Making a slide with this Leica allowed me to maintain interesting continuity, since my father made many slides around Chicago with his Leica cameras in the early 1960s. (Incidentally, some of him images will appear in the book, to be published by Voyageur Press later this year).
These days while I largely work with my digital cameras, I still expose a fair bit of film (usually color slides, but sometimes black & white). I have plenty of old film cameras to choose from, and I often carry an EOS 3 loaded with Provia 100F.
Railway tracks are the defining infrastructure of this transport system. They are key to the whole technology as well part of the title of this Internet Blog.
Often, tracks are view as secondary to the trains that use them. Photographs tend to focus on the locomotives and cars, rather then the tracks themselves.
With this post, I’ve focused on the tracks. I’ve selected a few photographs from my archives in which the tracks are the subject: tracks leading to the horizon across a desolate desert landscape; tracks curling around a bend in the snow; tracks in the weeds and tracks catching the sunlight.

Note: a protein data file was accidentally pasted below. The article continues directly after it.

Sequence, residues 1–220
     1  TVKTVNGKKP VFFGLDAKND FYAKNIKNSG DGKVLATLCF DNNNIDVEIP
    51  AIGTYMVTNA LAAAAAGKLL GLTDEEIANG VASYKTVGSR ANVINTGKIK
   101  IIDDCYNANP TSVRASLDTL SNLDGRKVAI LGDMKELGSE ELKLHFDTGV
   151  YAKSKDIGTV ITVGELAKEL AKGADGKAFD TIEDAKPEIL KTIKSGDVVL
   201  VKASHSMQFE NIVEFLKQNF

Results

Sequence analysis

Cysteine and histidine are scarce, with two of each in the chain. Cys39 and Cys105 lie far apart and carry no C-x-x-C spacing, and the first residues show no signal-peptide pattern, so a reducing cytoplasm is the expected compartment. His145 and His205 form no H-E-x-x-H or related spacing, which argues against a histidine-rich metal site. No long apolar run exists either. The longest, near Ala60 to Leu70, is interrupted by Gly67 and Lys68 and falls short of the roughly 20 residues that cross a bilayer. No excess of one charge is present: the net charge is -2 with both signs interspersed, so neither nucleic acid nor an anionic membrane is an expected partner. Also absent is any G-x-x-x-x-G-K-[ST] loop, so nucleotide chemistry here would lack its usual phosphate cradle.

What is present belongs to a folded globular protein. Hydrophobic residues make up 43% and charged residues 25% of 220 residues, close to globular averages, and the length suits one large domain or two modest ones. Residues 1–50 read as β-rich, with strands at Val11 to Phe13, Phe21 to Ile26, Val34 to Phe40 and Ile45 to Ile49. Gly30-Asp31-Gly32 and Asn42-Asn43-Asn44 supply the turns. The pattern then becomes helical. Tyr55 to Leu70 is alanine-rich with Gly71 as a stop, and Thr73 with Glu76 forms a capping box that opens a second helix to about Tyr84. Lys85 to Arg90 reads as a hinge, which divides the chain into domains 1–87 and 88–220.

Tracks capture our imaginations, and the images of tracks can be timeless. Yet not all tracks are the same. The condition of the line and nature of the landscape is telling. I’ve made hundreds of images like these over the years; sometimes from trains, other times from the ground, or overhead bridges. The formula is simple, but the results vary greatly.
Often the thought of what lies beyond is the most intriguing. What lies around the curve or just over the horizon? It are images like these that inspire wanderlust for railway journeys. In days of yore, how many young men left home in pursuit of that the elusive view around the next bend in the tracks.